Sensing circuits 118 and 120 are associated with the contacts of the reversing switch. These sensing circuits may contain relays operative when the first limit contact of the reversing switch is actuated for operating switching circuits 122 and 124. These switching circuits may be relays which are operative to connect the output of the difference amplifier 104 to threshold detectors 126 and 128. The switching circuits themselves may be relays or solid state logic.

When the press to tune pushbutton 44 is actuated, the power lines are connected via a switching circuit 132 which is thereupon latched, through the reversing switch 112 to the tuning motor 106. The motor then starts up and moves the tap 30 along the length of the inductor L.sub.1 until the first limit switch is actuated thereby actuating the sensing circuit 118. The switch circuit 122 then is operated to connect the output of the difference amplifier 104 to the threshold detector 126. The threshold detector 126 may include a SCR switch which when the output of the differential amplifier reaches a preset level, provides an off command to the switch circuit 132 unlatching the circuit 132 and disconnecting power from the tuning motor 106.

It may be desirable to provide for dynamic braking, say by operating a relay to short circuit the motor when the switch circuit 132 is unlatched, so that the inductor L.sub.1 remains at substantially exactly the setting at which it was positioned when the off command is generated by the threshold detector 126.

The command from the threshold detector 126 operates another switching circuit 134 similar to the switch circuit 132, which applies power through the reversing switch 116 to the tuning motor 108. The capacitor C.sub.M then starts to move and when the first limit switch and the reversing switches 116 are actuated the sensing circuit provides an output which operates the switch circuit 124. The threshold detector 128, which may be similar to the threshold detector 126, then receives the output of the difference amplifier 104. Again when this output is above the present threshold, an off command is generated. This off command is applied to the switch circuit 134 which stops the tuning motor. Dynamic braking may be provided for the tuning motor 108 as was the case of the tuning motor 106.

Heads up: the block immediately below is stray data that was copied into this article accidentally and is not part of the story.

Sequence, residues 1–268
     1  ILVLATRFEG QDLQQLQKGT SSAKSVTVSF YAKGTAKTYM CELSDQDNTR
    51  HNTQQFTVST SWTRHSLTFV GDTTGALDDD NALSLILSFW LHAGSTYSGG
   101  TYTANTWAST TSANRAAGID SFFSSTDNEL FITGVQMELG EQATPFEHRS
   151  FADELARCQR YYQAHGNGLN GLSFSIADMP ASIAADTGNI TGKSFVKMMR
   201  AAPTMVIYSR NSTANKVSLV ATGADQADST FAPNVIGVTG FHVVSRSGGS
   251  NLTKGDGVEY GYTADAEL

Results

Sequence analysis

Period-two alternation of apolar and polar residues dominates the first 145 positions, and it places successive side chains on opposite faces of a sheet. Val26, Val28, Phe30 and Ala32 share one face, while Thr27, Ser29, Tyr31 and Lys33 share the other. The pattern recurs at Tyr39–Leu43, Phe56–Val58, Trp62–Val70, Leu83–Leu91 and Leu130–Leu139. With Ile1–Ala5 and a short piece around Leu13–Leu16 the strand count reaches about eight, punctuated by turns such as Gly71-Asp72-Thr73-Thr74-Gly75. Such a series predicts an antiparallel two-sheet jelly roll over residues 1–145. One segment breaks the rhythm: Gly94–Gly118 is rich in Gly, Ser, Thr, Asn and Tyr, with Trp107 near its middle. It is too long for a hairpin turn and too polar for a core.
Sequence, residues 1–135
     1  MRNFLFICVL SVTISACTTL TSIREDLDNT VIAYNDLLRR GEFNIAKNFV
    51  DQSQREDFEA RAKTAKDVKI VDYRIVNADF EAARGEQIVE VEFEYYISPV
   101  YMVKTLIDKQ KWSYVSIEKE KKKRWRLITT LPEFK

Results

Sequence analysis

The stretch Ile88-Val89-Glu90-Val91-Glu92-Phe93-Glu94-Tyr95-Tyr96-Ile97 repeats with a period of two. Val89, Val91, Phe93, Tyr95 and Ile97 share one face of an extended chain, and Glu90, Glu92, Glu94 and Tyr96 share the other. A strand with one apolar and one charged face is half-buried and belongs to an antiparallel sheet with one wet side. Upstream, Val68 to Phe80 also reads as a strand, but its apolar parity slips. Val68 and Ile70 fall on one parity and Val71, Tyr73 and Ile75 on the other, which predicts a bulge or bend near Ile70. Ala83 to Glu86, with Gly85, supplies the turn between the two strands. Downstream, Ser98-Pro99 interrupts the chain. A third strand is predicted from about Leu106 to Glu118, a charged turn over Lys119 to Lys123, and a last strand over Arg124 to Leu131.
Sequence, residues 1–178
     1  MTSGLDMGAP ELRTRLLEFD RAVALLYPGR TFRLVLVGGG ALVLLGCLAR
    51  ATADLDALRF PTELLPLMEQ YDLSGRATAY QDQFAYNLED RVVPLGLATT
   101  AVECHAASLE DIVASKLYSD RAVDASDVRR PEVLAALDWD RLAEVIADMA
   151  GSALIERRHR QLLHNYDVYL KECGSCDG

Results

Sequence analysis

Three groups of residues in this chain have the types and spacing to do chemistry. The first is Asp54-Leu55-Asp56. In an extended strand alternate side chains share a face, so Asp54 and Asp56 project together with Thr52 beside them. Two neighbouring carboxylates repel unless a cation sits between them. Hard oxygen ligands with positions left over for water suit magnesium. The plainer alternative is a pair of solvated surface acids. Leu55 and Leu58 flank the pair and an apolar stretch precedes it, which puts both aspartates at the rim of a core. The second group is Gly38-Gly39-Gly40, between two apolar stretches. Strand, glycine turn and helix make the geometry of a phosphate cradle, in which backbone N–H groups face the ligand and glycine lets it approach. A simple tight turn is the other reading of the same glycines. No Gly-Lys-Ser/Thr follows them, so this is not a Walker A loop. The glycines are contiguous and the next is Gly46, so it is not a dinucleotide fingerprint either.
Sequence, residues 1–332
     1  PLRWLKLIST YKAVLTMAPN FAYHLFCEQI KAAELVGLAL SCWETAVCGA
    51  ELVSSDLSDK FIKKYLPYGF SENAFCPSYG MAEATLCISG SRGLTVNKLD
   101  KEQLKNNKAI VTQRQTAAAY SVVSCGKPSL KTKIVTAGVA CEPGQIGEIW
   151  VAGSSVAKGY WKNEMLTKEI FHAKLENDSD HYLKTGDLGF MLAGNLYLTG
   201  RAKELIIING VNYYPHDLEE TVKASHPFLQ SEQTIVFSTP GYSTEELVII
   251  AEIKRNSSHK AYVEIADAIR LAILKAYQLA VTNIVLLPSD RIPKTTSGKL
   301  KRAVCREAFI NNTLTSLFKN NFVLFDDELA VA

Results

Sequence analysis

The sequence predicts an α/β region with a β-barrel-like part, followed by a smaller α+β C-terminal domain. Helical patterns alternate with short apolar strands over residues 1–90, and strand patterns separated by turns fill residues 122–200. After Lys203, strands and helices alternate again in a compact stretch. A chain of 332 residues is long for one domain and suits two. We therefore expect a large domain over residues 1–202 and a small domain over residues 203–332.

It will be observed that the command from the threshold detector 126 which operated the tuning motor 108 is also operative to control the switch circuit 110 which may be a vacuum relay which drops out and connects the high-power vacuum capacitor C.sub.M into the circuit at the same time as the tuning motor C.sub.M is switched on. A connection may be provided between the switch circuit 110 and the switch circuit 132 which is operated when the press-to-tune button 44 is actuated for the purpose of permitting the vacuum relay to drop in and thereby connect the air variable capacitor C.sub.S into the circuit for initial tuning operations.

Inasmuch as the tuning motor 108 may drive the vacuum capacitor C.sub.M beyond its desired setting which was reached at the time the threshold detector 128 provided its off command to the switch circuit 134, the tuning motor 108 is reversed to bring it back to the desired setting. To this end, another switch circuit 136 is provided which connects power in the reverse direction from that provided by the power line connected to the switch circuit 134, as indicated by the reversal of the output leads 138, to the tuning motor 108. The tuning motor then starts moving backwardly. At the same time, an output signal indicative of the application of power on the output line 138 is applied to another switch circuit 140. When this circuit is actuated, it connects the output of the difference amplifier 104 to another threshold detector 142. This detector which is similar to the detectors 126 and 128 generates an off command to the switch circuit 136, when the difference amplifier 104 output is above the preset threshold. Inasmuch as the tuning motor 108 should not be up to speed at the time the threshold detector 142 generates its off command, the tuning motor 108 will remain at its desired setting, and the matching network 106 will be properly tuned.

From the foregoing description, it will be apparent that there has been provided an improved automatic antenna coupler. Inasmuch as the control devices, such as relays and logic circuits, are available very small in size, the entire coupler may be miniaturized. Thus, it can provide a coupler for portable radio equipment, such as pack sets. Variations and modifications in the herein described system such as substitution of solid-state and microelectric logic for relay logic, will undoubtedly suggest themselves to those skilled in the art. Accordingly, the foregoing description should be taken merely as illustrative and not in any limiting sense.